Abstract
        The role of population growth in cultural evolution is a central issue for understanding complex societies. Some theories state that population growth is a natural characteristic of human populations, and given time, a society's population will grow to the maximum level allowed by the available resources. Population pressure may then cause the society to develop social inequality through development a managerial class. Other  theories state that population growth is the result of taxation levied by elites on commoner households. In this case commoner households increase their size to meet increased production requirements. Neither of these theoretical schemes have provided a satisfactory explanation of the relationship between cultural evolution and populatio growth.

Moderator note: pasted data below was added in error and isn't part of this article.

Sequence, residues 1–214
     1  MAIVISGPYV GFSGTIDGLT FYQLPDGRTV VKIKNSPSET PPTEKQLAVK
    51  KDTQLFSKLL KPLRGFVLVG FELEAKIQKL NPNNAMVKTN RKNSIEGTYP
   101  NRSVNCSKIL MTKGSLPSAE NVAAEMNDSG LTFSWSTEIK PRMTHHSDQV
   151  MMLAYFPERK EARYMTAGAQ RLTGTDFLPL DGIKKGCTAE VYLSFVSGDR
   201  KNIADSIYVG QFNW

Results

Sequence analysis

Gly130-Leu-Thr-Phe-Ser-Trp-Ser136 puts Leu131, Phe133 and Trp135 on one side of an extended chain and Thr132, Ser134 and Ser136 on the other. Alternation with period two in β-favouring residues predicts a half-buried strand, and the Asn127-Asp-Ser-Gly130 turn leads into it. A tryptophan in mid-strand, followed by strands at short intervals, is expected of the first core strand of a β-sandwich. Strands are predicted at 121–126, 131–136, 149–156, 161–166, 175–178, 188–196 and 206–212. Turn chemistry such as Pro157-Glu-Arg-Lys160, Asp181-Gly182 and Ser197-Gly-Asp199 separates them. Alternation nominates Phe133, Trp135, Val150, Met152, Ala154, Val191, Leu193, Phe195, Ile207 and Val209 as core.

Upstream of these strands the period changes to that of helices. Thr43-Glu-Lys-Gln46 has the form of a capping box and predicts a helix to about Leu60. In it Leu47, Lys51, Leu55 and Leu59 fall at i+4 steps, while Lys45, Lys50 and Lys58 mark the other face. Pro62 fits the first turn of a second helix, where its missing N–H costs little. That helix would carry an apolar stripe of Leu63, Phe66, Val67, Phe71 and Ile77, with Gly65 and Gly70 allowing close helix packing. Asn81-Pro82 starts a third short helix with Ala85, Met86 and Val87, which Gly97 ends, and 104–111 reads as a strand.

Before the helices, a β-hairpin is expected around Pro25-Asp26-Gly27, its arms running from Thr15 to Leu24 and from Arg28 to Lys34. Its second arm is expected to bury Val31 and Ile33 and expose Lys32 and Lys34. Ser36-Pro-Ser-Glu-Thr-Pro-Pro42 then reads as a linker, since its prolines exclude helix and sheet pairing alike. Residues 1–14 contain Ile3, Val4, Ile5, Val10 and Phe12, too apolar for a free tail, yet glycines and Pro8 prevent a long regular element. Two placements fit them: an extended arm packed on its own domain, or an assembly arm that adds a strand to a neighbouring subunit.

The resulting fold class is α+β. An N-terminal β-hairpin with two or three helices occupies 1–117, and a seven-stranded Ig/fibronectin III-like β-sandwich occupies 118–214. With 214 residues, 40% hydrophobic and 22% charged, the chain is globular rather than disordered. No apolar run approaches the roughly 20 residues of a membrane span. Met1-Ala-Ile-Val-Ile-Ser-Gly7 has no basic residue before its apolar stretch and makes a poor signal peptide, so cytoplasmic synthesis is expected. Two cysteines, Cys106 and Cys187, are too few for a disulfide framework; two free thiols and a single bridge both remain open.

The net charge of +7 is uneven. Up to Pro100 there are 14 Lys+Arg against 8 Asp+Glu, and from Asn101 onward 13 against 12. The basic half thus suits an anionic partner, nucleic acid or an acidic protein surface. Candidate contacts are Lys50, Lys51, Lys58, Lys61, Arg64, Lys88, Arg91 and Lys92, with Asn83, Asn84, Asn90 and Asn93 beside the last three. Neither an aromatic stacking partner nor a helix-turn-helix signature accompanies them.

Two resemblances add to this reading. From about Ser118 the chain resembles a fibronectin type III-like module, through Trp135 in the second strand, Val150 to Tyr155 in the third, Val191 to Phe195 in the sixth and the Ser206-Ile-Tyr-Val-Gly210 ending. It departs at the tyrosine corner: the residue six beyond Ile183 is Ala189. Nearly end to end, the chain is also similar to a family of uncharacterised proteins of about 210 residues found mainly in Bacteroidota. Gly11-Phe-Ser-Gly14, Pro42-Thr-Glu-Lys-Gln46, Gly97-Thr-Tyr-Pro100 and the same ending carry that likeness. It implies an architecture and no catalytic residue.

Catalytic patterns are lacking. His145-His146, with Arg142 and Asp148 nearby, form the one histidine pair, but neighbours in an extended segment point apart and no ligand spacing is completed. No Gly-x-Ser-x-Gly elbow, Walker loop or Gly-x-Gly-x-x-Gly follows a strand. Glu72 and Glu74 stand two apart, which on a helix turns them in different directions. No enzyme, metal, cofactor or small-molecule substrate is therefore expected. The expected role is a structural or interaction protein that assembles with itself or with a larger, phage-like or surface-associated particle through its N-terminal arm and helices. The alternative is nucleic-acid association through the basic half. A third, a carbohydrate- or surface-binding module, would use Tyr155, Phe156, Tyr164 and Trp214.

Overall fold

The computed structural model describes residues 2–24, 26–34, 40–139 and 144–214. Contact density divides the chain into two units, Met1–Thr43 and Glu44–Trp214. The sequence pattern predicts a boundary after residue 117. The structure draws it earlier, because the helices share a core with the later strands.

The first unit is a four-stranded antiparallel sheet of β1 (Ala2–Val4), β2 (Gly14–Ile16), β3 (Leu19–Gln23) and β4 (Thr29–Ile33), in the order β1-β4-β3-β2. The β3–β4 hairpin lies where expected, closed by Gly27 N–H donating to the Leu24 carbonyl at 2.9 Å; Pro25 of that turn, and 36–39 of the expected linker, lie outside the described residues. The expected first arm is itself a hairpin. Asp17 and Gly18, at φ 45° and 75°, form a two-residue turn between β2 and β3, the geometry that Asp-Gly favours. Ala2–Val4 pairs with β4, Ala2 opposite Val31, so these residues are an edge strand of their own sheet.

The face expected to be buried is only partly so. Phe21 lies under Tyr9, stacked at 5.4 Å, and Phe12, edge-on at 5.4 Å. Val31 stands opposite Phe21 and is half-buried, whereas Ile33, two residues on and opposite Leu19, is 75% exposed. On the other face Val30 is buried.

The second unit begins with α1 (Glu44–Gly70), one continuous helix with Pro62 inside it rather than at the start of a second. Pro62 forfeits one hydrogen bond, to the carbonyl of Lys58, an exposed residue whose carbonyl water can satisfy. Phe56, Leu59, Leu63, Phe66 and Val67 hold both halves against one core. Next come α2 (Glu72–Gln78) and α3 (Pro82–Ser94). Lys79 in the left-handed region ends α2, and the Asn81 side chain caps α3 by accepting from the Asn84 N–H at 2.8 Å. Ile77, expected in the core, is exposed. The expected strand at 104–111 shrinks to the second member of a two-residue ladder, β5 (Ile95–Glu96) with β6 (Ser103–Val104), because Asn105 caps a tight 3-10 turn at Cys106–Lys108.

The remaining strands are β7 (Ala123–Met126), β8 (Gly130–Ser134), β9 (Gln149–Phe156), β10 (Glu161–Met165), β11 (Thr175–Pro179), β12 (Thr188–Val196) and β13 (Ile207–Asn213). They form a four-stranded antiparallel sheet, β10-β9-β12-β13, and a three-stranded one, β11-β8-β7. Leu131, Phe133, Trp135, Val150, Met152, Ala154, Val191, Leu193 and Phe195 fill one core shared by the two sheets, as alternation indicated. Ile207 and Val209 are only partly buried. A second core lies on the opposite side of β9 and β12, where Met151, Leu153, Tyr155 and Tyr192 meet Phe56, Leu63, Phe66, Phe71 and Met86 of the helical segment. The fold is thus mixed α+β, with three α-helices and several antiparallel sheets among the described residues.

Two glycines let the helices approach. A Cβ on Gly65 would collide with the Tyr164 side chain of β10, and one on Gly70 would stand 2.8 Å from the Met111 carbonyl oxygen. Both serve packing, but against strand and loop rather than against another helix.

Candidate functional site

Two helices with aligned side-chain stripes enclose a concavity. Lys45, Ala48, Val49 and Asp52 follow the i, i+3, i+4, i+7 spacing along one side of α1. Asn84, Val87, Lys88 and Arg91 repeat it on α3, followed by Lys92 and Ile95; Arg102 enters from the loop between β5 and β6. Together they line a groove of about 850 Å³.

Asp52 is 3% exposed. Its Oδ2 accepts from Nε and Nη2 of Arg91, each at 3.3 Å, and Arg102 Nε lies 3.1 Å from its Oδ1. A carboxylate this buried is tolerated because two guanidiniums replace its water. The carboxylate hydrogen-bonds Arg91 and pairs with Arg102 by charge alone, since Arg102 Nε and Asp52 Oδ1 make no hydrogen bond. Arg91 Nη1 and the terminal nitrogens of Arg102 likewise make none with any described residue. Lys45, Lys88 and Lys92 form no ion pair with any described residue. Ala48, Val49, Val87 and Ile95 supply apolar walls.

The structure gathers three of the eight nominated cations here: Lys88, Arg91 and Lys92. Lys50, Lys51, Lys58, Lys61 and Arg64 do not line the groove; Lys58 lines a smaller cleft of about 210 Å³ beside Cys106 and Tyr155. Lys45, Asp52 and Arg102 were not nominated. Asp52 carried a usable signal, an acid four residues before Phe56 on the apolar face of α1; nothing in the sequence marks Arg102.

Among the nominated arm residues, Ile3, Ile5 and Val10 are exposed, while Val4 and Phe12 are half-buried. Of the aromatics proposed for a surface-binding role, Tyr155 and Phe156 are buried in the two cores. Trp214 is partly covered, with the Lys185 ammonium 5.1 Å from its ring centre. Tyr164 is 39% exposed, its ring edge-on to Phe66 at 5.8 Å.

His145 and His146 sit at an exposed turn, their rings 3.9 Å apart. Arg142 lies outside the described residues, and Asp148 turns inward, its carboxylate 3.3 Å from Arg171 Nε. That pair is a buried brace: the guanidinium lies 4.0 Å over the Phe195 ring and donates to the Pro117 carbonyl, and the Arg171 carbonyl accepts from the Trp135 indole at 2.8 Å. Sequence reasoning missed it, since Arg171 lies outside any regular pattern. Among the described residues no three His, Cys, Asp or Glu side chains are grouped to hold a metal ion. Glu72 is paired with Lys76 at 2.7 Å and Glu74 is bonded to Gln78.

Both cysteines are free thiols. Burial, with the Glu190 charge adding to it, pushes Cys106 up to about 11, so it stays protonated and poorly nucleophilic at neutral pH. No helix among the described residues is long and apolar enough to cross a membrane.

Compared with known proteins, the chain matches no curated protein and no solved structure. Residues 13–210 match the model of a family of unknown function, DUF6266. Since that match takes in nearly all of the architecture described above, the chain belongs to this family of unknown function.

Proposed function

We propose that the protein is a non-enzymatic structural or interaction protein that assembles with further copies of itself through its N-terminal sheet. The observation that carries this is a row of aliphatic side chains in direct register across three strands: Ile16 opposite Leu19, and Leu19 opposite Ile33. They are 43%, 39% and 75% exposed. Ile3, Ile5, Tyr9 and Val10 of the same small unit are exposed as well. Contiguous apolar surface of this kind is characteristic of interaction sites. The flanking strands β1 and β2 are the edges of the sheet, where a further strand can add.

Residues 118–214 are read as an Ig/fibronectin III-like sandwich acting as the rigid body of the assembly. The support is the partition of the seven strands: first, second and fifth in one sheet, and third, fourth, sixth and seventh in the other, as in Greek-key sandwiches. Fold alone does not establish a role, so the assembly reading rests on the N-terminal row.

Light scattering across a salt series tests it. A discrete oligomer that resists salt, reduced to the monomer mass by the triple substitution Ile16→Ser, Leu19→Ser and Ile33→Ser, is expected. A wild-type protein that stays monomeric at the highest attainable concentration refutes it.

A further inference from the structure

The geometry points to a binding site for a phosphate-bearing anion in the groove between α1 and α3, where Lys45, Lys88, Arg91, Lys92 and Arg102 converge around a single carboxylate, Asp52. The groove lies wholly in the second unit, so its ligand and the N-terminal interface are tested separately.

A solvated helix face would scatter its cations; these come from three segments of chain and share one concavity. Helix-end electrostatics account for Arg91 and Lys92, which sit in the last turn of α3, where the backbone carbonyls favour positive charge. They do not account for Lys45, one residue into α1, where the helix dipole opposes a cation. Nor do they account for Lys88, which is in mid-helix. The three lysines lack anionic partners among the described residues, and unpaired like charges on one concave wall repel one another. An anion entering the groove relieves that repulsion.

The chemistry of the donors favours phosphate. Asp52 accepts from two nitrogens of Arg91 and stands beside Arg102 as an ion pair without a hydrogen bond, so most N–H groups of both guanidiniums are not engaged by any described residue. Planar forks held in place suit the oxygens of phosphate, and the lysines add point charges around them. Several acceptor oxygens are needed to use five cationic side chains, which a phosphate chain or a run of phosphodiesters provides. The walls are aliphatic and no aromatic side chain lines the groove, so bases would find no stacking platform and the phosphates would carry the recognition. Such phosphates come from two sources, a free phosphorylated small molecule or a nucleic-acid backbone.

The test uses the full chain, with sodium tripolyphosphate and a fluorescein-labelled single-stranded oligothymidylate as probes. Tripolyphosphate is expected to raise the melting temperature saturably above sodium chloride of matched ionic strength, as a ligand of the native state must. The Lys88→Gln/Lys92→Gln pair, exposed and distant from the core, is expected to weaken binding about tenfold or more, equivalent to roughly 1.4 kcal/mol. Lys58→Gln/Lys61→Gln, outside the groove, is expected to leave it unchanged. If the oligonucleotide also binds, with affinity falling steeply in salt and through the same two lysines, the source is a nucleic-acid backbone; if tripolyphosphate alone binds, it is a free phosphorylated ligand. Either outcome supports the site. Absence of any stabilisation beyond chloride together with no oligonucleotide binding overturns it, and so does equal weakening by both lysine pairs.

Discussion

This dissertation tests an agrarian demographic model that explains rapid population growth among the Late Classic Maya. The model is built on historic and ethnographic data and addresses the effects of economic stability and change on agrarian  households. Settlement and lithic data collected from La Milpa, Belize are used to test  the model. The  study concludes that Late Classic Maya population growth was not caused by  household converting from agricultural production to specialized production.